I’ve written before that winter is one of the best times to take stock of your lawn and garden and to plan for the new year’s planting.
Seed catalogs are now arriving as well as those fantasy ones from the likes of Jackson & Perkins. I always want one of each.
Homeowners need to incorporate evergreens into their gardens so they have winter “bones.” As the trees grow you get the added bonus of having somewhere to hang holiday lights. Witch hazel shrubs sprout blossoms before the end of winter and always bring a jolt of color and a smile when blooming.
Research a few trees and shrubs that have distinctive bark or colors and add one or two this year. Make 2016 the year you tried something new.
For the birds
I have been enjoying watching birds attack the suet cakes I’ve hung on the outside veranda. I don’t have a bird book here so I haven’t been able to identify all the birds but have noted three different types of woodpeckers. One very small fellow that was black and white with a small red mark.
Yes, occasionally I’ll get a few pigeons trying to interfere with the feeders but for the most part they know their place.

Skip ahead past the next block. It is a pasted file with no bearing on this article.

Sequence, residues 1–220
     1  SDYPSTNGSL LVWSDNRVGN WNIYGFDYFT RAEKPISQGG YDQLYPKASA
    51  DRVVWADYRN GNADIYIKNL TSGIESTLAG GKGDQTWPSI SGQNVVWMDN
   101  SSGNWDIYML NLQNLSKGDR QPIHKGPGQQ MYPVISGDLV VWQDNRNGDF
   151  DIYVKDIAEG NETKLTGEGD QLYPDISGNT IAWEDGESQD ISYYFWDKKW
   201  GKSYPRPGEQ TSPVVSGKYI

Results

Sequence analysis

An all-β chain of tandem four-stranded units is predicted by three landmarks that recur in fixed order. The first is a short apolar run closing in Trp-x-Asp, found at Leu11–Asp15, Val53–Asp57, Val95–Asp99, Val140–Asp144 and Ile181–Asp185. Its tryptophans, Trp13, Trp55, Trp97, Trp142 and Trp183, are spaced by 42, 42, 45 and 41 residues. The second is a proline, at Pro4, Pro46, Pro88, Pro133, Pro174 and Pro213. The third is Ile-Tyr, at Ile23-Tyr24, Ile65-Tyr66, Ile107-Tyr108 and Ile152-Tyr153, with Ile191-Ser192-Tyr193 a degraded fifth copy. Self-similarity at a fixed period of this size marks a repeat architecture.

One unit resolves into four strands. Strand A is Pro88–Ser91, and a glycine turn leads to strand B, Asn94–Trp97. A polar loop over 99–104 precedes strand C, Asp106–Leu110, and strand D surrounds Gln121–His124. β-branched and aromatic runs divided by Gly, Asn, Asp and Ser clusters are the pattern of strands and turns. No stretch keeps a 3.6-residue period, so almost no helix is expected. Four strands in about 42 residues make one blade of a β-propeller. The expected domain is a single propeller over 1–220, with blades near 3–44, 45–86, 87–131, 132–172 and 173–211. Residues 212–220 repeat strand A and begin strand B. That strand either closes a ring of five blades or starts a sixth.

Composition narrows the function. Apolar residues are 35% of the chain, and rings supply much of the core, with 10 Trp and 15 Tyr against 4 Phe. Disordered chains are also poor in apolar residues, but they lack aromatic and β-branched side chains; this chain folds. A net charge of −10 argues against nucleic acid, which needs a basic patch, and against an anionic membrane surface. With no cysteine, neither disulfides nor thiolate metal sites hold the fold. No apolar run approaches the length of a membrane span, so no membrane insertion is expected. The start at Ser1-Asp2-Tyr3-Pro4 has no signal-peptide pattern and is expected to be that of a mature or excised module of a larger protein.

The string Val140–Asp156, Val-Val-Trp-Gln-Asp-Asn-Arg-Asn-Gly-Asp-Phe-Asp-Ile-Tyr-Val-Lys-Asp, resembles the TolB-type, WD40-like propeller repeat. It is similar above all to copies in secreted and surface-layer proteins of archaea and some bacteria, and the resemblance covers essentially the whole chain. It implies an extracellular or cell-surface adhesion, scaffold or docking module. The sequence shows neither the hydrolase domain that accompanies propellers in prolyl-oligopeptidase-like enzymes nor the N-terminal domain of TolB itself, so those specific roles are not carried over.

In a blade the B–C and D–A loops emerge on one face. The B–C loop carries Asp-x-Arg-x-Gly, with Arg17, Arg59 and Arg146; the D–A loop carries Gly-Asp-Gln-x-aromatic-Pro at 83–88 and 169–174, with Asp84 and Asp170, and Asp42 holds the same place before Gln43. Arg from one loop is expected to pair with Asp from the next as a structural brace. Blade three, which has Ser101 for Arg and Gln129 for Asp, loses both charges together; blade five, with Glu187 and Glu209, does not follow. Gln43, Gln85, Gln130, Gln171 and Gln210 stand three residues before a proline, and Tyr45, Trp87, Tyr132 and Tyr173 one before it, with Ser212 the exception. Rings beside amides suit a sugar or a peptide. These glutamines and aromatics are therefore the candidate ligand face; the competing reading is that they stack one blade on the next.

It is important in the cold weather to fill feeders and water sources often. Reliable food sources are something that keeps the neighbors close and provide so much theater.
What goes in or stays out of the fridge
We all know not to refrigerate tomatoes, the cold temperature can lead to unsavory textures and flavors. But other vegetables and a few fruits, like tomatoes, shouldn’t be refrigerated at all.
Let tomatoes sit on the counter at room temperature and store onions, garlic and potatoes, separately in cool dark places with good air flow.
• Onions and garlic can lose their crispness and become moldy when exposed to the refrigerator’s moisture. And, who hasn’t experienced this, they can impart their flavors on foods stored nearby.
• Tomatoes flavor changes when chilled and the texture can turn mealy as the cold temperatures break down membranes within the fruit.
• Potatoes starch content converts to sugar when cold, which leads to an unpleasantly sweet taste and discoloration when they’re cooked.
Susan Woody has been a home and garden writer for more than 20 years and is a master gardener.